Notre Dame sellout streak that dates back to 1973 expected to end this weekend

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  • Jack Swarbrick
    Athletic director of Notre Dame University
SOUTH BEND, IN - OCTOBER 05: A wide angle general view of the Notre Dame Fighting Irish playing against the Bowling Green Falcons during the first quarter on October 05, 2019, at Notre Dame Stadium in South Bend, Indiana. (Photo by Brian Spurlock/Icon Sportswire via Getty Images)
Notre Dame has sold out every game at Notre Dame Stadium dating back to 1973. (Photo by Brian Spurlock/Icon Sportswire via Getty Images)

It looks like one of the nation’s longest sellout streaks will come to an end this weekend.

Notre Dame athletic director Jack Swarbrick acknowledged in a statement Thursday morning that the Irish’s home game against Navy on Saturday is not expected to be a sellout, ending a streak of 273 consecutive games. Swarbrick said the university does not anticipate the Boston College game on Nov. 23 to be a sellout either.

“Based on ticket sales through Wednesday, we do not anticipate sellouts for our games against Navy and Boston College. That this comes during a time of sustained success for our football program reflects both challenges impacting the ticket market nationwide and the unique dynamics of this year’s schedule,” Swarbrick said.

Sellout streak dates back to 1973

Notre Dame has sold out every home game since Nov. 22, 1973, when it hosted Air Force at Notre Dame Stadium. Notre Dame’s consecutive sellout streak trails only Nebraska, which has sold out its home games on a weekly basis since 1962. The Huskers’ streak currently sits at 373 games and will reach 374 on Saturday when Wisconsin visits Memorial Stadium.

“We are grateful to our fans who have filled the stadium for the last 273 games — dating back to our November 1973 game against Air Force — and 321 of the last 322 contests dating back to 1964,” Swarbrick’s statement said. “We will continue the tradition of making Notre Dame Stadium a destination for generations of Fighting Irish students, alumni and fans while providing the best possible atmosphere for our student-athletes."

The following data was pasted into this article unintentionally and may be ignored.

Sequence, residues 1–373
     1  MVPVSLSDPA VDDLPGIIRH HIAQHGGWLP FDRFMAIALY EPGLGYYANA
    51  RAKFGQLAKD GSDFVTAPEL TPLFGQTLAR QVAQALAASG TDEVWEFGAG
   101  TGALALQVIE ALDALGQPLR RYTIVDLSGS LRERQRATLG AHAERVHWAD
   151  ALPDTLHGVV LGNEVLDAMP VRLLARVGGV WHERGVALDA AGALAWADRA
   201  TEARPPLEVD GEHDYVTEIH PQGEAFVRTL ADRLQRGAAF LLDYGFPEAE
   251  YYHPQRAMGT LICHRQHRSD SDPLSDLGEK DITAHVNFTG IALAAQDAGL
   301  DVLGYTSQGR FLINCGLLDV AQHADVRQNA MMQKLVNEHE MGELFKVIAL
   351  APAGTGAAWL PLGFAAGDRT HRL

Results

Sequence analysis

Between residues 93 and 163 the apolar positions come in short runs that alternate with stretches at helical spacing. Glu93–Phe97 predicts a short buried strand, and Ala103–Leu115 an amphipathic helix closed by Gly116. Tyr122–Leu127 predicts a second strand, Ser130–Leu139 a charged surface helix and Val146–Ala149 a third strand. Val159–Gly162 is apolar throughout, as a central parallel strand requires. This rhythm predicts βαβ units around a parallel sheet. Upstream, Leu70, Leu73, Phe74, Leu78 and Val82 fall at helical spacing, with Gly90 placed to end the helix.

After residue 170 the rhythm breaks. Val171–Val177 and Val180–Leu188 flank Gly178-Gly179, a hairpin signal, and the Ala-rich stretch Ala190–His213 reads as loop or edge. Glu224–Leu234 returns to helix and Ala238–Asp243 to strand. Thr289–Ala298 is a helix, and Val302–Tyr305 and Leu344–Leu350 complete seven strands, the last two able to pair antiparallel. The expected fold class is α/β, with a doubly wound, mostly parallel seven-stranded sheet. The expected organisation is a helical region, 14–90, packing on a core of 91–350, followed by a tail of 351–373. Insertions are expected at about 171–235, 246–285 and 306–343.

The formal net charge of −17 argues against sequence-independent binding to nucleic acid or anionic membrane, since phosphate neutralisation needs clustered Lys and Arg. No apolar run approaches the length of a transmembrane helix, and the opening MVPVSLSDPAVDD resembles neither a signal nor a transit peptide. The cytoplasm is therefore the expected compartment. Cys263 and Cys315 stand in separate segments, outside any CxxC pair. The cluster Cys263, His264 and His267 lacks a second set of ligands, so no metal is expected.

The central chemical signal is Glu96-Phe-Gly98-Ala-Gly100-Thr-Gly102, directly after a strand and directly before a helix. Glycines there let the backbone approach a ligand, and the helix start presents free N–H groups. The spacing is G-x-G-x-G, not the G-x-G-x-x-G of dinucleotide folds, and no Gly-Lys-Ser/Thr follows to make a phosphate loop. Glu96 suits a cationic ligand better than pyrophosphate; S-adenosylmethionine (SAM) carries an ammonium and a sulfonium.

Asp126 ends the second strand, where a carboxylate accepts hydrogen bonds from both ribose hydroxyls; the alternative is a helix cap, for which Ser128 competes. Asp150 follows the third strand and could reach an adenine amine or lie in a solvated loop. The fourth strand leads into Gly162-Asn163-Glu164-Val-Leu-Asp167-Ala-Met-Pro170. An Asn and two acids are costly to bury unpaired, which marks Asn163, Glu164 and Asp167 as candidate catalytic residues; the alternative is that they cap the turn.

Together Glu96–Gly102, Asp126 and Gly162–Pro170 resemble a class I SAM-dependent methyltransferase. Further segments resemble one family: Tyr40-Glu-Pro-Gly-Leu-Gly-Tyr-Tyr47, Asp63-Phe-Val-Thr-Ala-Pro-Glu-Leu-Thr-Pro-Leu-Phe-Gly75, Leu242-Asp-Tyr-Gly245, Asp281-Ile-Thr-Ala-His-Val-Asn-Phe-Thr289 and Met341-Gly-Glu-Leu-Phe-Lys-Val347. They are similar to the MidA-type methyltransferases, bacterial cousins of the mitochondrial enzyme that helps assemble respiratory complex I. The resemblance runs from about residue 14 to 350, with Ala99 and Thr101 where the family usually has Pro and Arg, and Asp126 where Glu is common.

In an interview with the South Bend Tribune, Swarbrick admitted that the school has sometimes had to get creative to keep the streak alive. There were tickets with large discounts. There were “friends of Notre Dame” who would buy large blocks of tickets.

But this year’s cluster of underwhelming home games — Virginia Tech, Navy and Boston College in a span of four weeks — proved to be too much to overcome.

From the South Bend Tribune:

“When we’d have one game, we could clearly focus on it,” Swarbrick said. “This is a circumstance, where you’ve got games in consecutive weeks in mid to late November, and so you don’t have some of the same strategies available to you. And because of the number of our fans that travel (a great) distance to the stadium, is just a challenge for us. It’s endemic to that schedule. And we knew it a year and a half ago, as we were looking forward, that you know what, that might be the time where the streak ends.”

As an independent program, Notre Dame plays a national schedule that requires plenty of travel. The school is faced with the balancing act of creating a schedule that will attract fans to the stadium while also keeping the Irish in the College Football Playoff race.

This year, Notre Dame is 7-2 and ranked No. 16 entering Saturday’s game, meaning a return trip to the CFP won’t be in the cards. But if Notre Dame wins the rest of its regular season games, it will finish with double-digit wins for the third straight season.

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